The population of China's endangered wildlife has risen steadily over recent years, the National Forestry and Grassland Administration said Tuesday.
Zhongshan Botanical Garden in Nanjing City, east China's Jiangsu Province. (Photo: VCG)
China has stepped up its efforts to protect the endangered species during the past few decades, including strengthening the protection of wild animal habitats, cracking down on the illegal wildlife trade, improving laws on wildlife protection and establishing early warning and monitoring systems for wildlife epidemics.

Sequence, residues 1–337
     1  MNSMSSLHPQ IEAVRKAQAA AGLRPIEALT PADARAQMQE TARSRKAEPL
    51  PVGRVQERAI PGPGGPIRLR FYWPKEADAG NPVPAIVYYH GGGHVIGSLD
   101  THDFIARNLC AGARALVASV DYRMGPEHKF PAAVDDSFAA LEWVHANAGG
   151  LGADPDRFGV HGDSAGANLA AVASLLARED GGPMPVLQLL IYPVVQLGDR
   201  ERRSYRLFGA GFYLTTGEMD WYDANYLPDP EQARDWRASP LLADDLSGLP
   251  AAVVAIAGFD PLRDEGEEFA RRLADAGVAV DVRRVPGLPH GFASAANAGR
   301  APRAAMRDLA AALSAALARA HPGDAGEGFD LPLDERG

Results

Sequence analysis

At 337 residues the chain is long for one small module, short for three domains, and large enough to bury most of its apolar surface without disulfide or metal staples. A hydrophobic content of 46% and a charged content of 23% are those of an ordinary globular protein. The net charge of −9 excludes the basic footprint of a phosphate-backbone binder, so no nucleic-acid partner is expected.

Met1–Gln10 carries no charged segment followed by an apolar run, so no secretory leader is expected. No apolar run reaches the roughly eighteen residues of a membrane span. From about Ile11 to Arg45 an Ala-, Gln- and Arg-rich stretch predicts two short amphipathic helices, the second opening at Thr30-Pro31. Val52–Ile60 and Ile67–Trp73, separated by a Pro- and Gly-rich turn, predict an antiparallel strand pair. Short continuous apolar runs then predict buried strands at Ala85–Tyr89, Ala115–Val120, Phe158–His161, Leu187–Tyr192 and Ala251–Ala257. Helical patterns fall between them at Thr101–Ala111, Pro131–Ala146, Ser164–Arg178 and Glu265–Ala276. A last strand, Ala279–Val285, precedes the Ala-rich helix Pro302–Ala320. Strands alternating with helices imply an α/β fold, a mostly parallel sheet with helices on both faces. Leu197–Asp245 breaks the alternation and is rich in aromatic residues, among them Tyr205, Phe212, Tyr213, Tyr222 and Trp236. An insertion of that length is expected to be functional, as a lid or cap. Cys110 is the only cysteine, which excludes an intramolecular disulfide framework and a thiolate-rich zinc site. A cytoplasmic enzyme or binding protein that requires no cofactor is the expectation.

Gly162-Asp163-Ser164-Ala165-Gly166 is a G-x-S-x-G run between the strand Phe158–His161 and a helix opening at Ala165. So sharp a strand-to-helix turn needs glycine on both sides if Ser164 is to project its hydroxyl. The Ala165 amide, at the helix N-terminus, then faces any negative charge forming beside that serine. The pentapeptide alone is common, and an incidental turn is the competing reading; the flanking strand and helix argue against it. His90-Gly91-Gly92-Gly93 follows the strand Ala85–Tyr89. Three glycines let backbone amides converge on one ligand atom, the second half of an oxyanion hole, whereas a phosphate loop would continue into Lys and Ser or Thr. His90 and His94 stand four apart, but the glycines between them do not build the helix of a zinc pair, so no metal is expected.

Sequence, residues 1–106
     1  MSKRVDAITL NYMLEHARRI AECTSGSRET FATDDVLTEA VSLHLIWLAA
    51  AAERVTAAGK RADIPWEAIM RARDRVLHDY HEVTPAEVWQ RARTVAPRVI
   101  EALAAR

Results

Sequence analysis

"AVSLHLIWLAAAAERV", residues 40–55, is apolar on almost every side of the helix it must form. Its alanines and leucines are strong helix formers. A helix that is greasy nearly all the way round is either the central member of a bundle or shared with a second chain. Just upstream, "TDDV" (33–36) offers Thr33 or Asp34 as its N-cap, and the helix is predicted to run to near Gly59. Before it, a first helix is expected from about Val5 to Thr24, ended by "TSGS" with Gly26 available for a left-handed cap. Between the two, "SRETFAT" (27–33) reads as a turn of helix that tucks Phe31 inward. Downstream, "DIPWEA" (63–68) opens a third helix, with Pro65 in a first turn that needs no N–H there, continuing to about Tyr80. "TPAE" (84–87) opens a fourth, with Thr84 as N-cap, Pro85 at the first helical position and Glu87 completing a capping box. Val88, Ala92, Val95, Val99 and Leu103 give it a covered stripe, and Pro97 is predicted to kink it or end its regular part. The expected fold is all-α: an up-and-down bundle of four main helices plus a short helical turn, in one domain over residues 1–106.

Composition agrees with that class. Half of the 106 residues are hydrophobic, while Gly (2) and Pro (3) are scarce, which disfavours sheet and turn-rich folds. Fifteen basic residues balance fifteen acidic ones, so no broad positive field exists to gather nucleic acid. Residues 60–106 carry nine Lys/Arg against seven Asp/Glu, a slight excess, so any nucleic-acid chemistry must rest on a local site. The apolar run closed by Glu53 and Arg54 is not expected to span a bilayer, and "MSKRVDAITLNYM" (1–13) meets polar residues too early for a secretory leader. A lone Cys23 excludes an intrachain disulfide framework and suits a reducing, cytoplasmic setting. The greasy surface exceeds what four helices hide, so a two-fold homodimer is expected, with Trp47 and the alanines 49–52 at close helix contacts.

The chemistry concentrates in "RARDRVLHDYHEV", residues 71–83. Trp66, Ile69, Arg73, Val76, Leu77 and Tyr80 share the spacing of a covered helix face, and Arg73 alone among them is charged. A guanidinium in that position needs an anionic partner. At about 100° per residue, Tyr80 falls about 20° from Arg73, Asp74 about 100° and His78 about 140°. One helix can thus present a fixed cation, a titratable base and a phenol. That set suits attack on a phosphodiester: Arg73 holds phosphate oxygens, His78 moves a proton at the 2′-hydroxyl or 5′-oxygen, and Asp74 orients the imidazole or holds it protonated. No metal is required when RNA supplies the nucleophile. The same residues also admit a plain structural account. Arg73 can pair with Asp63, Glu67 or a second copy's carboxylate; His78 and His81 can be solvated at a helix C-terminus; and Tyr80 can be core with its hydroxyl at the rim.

Thanks to the unremitting efforts, the number of wild giant pandas has risen from 1,114 in the 1980s to 1,864 today, while that of Asian elephants to nearly 300 from 180 during the same period.
Notably, the population of Tibetan antelopes has more than quadrupled over the past four decades, and the crested ibis population exceeded 4,000 from merely seven in the 1980s.
The country has also established 11,800 nature reserves for wild plants to provide them with a suitable environment.
At present, China has nearly 200 botanical gardens, which have collected and preserved more than 20,000 species.